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Solitary is the unforgettable life story of a man who served more than four decades in solitary confinement—in a 6-foot by 9-foot cell, 23 hours a day, in notorious Angola prison in Louisiana—all for a crime he did not commit. That Albert Woodfox survived was, in itself, a feat of extraordinary endurance against the violence and deprivation he faced daily. That he was able to emerge whole from his odyssey within America’s prison and judicial systems is a triumph of the human spirit, and makes his book a clarion call to reform the inhumanity of solitary confinement in the U.S. and around the world.


NEW ORLEANS – A sweeping new report released by the American Civil Liberties Union of Louisiana today shows that after a 10.3 percent increase, Louisiana’s pretrial incarceration rate is now three times the national average and the highest of any state on record since 1970. The study, based on an analysis of thousands of jail records, found that 57 percent of people in jail had been arrested for non-violent offenses and that pretrial incarceration costs Louisiana taxpayers nearly $290 million per year. On average, the people represented in the study had been held behind bars for 5 and a half months – without trial or conviction.

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FOR IMMEDIATE RELEASE September 22, 2020CONTACT: Sarah Silberstein 512-472-2700 ssilberstein@texaspolicy.comNew Paper Examines Solitary Confinement in the Pelican StateAUSTIN – Today, the Texas Public Policy Foundation’s Right on Crime initiative published the paper Solitary Confinement in the Pelican State. “The history of Louisiana’s criminal justice system, partic­ularly its penitentiary system, is as complex and unique as the state itself,” says TPPF’s Scott Peyton, Louisiana State Director of Right on Crime. “To understand solitary confinement in Louisiana, one must first understand the history, politics, and culture that led to the creation of a penitentiary system that created the infamous ‘Alcatraz of the South.’ Solitary Confinement has human and financial costs associated with its use, with little data, or research, to indicate is effectiveness in making prisons safer.” Key Points:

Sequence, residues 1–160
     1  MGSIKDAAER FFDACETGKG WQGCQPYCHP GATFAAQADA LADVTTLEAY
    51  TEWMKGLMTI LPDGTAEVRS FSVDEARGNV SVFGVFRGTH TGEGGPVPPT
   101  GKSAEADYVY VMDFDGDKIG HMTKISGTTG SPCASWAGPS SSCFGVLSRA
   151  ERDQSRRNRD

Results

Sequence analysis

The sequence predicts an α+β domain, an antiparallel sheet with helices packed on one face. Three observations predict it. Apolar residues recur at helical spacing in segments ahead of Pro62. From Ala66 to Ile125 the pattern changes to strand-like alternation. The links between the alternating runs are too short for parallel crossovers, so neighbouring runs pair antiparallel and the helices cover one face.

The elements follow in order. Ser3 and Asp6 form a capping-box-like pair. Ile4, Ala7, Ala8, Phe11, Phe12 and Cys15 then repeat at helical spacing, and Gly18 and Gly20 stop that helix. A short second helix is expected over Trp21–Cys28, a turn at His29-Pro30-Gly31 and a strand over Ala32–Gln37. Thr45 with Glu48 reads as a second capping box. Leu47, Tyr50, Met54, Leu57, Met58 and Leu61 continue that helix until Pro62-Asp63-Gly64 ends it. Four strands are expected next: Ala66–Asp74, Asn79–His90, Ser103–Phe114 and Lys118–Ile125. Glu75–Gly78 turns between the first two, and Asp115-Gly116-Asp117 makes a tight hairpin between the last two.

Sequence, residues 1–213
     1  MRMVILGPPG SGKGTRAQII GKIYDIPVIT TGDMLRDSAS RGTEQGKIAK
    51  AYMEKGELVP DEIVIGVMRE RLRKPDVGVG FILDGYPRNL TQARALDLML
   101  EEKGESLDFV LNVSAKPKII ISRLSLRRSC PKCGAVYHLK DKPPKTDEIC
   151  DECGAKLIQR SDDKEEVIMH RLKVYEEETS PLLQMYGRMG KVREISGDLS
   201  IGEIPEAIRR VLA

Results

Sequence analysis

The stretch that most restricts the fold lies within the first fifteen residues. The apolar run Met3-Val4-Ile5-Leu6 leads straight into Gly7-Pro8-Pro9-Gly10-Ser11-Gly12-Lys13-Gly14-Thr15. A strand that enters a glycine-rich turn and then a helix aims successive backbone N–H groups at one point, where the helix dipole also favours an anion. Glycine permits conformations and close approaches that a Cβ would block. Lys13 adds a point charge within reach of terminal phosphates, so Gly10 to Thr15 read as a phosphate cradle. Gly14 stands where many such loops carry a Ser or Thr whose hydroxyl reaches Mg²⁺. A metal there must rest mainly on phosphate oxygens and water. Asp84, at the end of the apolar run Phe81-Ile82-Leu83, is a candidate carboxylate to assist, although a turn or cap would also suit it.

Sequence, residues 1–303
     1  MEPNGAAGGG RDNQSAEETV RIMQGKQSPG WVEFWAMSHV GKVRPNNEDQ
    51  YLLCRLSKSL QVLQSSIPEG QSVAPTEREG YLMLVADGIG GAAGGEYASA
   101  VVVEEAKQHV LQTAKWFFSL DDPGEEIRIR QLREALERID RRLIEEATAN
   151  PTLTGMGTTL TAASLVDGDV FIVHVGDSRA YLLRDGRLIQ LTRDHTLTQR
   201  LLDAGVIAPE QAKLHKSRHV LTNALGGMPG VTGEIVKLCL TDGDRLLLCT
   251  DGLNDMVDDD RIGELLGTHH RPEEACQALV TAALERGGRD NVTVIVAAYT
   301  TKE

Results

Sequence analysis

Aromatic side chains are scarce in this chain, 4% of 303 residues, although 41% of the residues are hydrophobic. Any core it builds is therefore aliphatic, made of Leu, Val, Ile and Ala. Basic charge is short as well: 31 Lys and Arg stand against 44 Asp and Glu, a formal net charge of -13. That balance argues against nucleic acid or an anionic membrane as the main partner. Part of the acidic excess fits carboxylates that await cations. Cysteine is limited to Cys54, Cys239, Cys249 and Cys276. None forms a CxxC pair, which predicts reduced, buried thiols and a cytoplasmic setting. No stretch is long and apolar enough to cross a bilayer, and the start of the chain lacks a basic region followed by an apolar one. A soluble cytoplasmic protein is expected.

• Louisiana’s solitary confinement law was enacted in the 1800s when the prison population consisted of 112 inmates.

  • Louisiana has an extensive history of relying on solitary confinement as a punitive measure.

  • Louisiana ranks #1 in percentage of inmates in segregation in the United States.

  • The Louisiana Department of Corrections is working to address its reliance on solitary confinement.

To read the paper in full, please visit: For more information, please contact Sarah Silberstein or 512-472-2700. Texas Public Policy Foundation is a non-profit free-market research institute based in Austin that aims to foster human flourishing by protecting and promoting liberty, opportunity, and personal responsibility.

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